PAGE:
New York City Council Header
File #: Res 0476-2004    Version: * Name: Increase the penalties for obstructing law enforcement operations.
Type: Resolution Status: Filed
Committee: Committee on Public Safety
On agenda: 7/21/2004
Enactment date: Law number:
Title: Resolution calling on the New York State Legislature to increase the penalties for obstructing law enforcement operations.
Sponsors: Peter F. Vallone, Jr., Joseph P. Addabbo, Jr., Leroy G. Comrie, Jr., James F. Gennaro, Michael C. Nelson
Council Member Sponsors: 5
Date Ver.Prime SponsorAction ByActionResultAction DetailsMeeting DetailsMultimedia
12/31/2005*Peter F. Vallone, Jr. City Council Filed (End of Session)  Action details Meeting details Not available
7/21/2004*Peter F. Vallone, Jr. City Council Referred to Comm by Council  Action details Meeting details Not available
7/21/2004*Peter F. Vallone, Jr. City Council Introduced by Council  Action details Meeting details Not available

Res. No. 476

 

Resolution calling on the New York State Legislature to increase the penalties for obstructing law enforcement operations.

 

By Council Members Vallone Jr, Addabbo, Comrie, Gennaro and Nelson

 

Whereas, Under New York State Penal Law, a person who “intentionally obstructs, impairs or perverts the administration of law or other governmental function or prevents or attempts to prevent a public servant from performing an official function, by means of intimidation, physical force or interference, or by means of any independently unlawful act,” is guilty of a class A misdemeanor, which is punishable by no more than one year in prison; and

 

Whereas, In a recent interview, Police Commissioner Kelly indicated that, in addition to countering terrorism during the upcoming Republican National Convention, and providing security for delegates, visitors and protestors, the New York City Police Department (NYPD) must also contend with various anarchist groups that plan to disrupt police operations; and

 

Whereas, As detailed by the Commissioner and broadcast over the web, these groups intend to disrupt police operations by, among other things, intentionally fooling bomb sniffing dogs, throwing marbles under the hooves of police horses, using slingshots to pelt the horses, and dispersing trace amounts of ammonium nitrate in the trains; and

 

Whereas, The insidious nature of these activities is amply reflected by the instructions given on the web site of one of the anarchist groups on how to miscue the bomb dogs: “[G]o to a rifle, pistol or skeet shooting range, spend an hour shooting to saturate clothing with smell of gunpowder, go directly to a New Jersey Transit, LIRR or subway train headed for Penn Station.  Try to have at least two people on a train in different locations, sit or stand near the doors as the train approaches the station, try to get near police and dogs, linger as long as possible around the dog, try to pet it if possible.  If the dog alerts on your scent, do not leave or resist; the situation will cause a major disruption of the train schedule…If there is more than one person on the train that causes a dog to alert, you can bet that the train will not be going anywhere for a long time…neither will any trains behind it…It is important that the police call in all possible resources to investigate the situation…With any luck, Madison Square Garden will be evacuated;” and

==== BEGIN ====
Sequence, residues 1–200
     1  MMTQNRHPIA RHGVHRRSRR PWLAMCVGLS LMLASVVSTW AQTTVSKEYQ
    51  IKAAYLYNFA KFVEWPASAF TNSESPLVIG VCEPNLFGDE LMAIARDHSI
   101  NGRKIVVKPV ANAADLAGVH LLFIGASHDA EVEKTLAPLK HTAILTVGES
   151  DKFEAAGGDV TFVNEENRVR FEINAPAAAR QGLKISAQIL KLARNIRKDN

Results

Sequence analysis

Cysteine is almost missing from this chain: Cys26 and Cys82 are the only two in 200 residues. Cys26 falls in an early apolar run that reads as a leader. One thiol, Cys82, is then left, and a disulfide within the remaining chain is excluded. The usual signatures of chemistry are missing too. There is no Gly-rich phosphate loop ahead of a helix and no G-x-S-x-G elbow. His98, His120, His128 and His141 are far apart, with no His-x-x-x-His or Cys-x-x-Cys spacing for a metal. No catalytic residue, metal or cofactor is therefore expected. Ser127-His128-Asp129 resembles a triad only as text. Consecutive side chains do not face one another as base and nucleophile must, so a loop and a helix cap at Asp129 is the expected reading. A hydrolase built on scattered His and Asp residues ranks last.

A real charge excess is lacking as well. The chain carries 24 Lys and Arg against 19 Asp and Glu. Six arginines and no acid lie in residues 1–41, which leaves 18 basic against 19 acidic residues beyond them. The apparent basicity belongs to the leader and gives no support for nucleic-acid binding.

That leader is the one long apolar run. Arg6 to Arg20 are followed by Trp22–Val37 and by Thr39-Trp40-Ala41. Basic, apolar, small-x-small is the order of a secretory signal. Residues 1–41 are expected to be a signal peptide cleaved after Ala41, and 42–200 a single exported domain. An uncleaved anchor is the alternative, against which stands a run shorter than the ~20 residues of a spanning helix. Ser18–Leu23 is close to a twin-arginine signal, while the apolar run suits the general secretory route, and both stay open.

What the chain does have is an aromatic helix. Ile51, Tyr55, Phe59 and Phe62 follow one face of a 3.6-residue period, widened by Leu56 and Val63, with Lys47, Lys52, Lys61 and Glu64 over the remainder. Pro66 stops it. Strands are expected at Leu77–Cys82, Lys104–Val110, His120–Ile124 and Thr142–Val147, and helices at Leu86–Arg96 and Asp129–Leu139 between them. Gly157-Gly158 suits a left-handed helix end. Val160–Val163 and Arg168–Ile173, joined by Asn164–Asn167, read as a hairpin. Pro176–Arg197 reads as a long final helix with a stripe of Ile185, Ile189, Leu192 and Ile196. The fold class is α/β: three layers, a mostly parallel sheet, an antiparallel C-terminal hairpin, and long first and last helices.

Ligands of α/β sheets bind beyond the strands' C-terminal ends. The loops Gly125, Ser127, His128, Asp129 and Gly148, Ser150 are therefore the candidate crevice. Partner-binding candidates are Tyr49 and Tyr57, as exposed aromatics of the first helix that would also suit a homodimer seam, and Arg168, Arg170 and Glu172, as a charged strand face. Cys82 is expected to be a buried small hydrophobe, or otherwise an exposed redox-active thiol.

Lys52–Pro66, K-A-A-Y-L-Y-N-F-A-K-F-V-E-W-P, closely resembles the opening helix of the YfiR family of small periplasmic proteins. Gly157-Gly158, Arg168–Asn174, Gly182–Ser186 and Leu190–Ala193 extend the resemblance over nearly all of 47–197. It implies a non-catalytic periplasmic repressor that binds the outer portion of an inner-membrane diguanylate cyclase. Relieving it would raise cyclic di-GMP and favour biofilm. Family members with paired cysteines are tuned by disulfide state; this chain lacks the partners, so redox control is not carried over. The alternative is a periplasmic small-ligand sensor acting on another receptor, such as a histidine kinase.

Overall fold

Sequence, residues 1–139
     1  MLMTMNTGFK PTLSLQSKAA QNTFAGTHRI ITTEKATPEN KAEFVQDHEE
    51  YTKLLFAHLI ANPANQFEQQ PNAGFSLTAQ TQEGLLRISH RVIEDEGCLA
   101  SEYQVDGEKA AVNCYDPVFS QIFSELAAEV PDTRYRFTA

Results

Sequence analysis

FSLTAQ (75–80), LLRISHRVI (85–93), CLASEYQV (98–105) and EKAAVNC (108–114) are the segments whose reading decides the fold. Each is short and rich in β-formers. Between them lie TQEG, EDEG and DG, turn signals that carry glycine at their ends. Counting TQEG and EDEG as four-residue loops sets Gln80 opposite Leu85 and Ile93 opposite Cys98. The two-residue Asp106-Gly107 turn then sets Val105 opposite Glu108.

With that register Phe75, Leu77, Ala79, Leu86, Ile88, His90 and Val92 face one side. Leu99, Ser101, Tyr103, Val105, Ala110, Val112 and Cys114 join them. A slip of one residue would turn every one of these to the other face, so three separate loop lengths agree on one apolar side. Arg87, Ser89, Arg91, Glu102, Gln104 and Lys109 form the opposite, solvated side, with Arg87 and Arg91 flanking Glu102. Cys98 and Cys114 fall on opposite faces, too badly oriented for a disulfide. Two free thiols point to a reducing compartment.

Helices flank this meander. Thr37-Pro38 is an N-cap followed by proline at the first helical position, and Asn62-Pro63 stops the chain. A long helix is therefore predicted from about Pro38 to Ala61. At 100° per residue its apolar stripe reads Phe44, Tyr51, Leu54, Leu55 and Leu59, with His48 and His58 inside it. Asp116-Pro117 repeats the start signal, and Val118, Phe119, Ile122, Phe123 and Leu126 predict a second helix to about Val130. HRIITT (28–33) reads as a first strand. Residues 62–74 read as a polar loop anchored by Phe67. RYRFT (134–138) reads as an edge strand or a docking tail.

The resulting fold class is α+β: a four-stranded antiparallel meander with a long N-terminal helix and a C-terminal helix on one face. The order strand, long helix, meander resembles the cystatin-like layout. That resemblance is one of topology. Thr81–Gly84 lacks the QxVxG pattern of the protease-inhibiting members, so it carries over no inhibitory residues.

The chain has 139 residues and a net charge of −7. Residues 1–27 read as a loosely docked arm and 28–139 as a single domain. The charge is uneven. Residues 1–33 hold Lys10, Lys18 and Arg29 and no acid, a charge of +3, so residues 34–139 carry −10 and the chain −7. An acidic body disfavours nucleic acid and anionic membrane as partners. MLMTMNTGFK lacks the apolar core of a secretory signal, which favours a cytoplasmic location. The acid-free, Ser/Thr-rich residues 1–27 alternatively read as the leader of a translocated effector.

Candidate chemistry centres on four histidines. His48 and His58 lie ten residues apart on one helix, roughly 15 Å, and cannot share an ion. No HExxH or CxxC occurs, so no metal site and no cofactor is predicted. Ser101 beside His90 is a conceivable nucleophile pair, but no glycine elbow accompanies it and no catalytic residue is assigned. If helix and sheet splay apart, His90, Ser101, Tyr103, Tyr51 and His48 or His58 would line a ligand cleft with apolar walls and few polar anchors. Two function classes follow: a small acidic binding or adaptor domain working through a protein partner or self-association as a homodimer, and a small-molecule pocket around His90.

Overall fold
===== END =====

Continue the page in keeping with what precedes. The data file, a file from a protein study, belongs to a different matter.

Whereas, These deliberate attempts to disrupt police operations, cause major havoc, and thereby endanger the lives of thousands of New Yorkers and visitors, is unconscionable and serves no legitimate purpose; and

 

Whereas, Under these circumstances, an arrest for obstructing governmental administration under Penal Law §195.05 is meaningless and insignificant; facing the penalties of an A misdemeanor does not adequately reflect the seriousness and danger of these actions; and

Whereas, Particularly when police resources are stretched thin, and a large event with tens of thousand of people is taking place, the diversion of police resources due to the antics of a few must be sufficiently punished, and increasing the penalty for obstructing governmental administration is an appropriate response to these dangerous actions; now, therefore, be it

 

Resolved, That the Council of the City of New York calls on the State Legislature to increase the penalties for obstructing law enforcement operations.

 

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